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3. Tell me about a house that was important to you when you were a child.
My great aunt's house was mysterious and fascinating and I loved going there. I always wished I could live there. It was in the middle of a Victorian terrace, with green paintwork on the outside, and lots of rooms on the inside. We (my sister and I) were hardly ever allowed in the front room because it was laid out for best with a big posh wooden table and lacy tablecloth and candlesticks and silver and pictures of people I didn't recognise but was undoubtedly related to. The middle room was rented out to Mrs Riordan and you had to be careful not to press the wrong doorbell when you arrived because no one was to disturb her.
My great aunt lived mostly in the back room and the scullery which was a tiny kitchen with no fridge. The toilet was outside and we tried never to go in there because of the spiders. It was quite cold in winter, and there was a gas fire, but you could never get anywhere near it because of Mitzi, a black and white cat who didn't like children. She didn't like anyone if you ask me.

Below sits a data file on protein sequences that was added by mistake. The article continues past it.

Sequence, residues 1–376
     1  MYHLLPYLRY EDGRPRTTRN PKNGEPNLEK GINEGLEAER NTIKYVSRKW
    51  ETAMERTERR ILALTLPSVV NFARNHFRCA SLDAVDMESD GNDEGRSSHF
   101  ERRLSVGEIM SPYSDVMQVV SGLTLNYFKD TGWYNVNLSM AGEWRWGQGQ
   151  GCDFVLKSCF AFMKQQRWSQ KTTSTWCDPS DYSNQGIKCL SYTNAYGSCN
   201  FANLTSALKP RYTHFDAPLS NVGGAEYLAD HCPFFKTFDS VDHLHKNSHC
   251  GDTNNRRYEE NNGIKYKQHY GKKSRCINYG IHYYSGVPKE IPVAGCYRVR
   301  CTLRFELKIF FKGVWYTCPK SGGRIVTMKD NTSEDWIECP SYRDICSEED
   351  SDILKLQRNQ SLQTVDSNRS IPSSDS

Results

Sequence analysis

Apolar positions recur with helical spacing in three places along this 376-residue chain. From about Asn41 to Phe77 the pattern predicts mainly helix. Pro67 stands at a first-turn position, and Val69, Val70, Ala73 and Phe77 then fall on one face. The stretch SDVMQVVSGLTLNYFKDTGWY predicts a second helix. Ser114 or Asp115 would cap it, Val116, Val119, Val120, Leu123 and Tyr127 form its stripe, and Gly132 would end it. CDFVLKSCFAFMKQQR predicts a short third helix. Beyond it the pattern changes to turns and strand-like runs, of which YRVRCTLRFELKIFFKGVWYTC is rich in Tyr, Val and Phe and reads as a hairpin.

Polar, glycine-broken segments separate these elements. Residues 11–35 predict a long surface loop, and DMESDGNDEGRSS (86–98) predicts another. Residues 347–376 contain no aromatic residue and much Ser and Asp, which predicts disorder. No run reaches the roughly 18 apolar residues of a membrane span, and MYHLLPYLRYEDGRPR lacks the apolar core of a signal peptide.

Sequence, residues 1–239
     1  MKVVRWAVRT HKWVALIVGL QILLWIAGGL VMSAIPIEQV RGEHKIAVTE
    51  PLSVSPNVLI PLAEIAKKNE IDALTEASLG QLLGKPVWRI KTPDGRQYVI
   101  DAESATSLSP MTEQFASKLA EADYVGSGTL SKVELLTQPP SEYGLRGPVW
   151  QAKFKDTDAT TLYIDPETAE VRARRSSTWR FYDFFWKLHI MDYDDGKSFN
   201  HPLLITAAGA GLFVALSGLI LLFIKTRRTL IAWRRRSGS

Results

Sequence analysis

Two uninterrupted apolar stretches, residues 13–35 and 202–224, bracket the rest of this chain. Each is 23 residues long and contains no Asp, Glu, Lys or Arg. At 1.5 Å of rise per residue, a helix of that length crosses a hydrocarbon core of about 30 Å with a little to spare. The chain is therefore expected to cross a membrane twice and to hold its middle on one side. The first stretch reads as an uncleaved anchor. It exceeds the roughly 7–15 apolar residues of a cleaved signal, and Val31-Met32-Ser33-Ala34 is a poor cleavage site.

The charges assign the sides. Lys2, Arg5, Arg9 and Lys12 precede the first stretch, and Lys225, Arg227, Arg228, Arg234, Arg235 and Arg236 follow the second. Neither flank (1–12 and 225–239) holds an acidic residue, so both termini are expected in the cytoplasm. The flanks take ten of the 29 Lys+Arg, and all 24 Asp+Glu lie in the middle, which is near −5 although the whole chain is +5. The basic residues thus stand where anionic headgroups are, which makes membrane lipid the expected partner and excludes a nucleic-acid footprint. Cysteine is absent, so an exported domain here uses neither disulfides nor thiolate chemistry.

Upstairs there were several bedrooms, one with a bath in it. There was a 'new' indoor toilet with a bench seat that, in retrospect, looked like a medieval garderobe! At the end of the landing was my aunt's bedroom. At the front of the house it had a view over the busy main road. Sometimes she used to sit in the window doing her sewing and looking out. She used to make lavender bags. Once I sat with her. I can't remember where my mum was at the time.
Next to the bedroom door was an alcove with a curtain pulled over it. Behind the curtain was a little stairway. This led to the attic rooms which were dark and full of stuff, with a tiny tiny window. There was also a cellar where we probably were allowed, but didn't want to go on our own, and Mum wasn't coming with us so that was that.
There was a long garden at the back. We spent loads of time there playing with the lawn roller, picking up apples and looking at the millions of flowers that grew in the borders, on the stone walls and even out of the hollow stump of a tree. My great aunt had very green fingers and a very soft wrinkled face. She had a son, who I never met. When she died, well into her nineties, she left the house to him and it was sold. Sometimes, very occasionally, I go past it on the bus and I always look. It isn't green any more.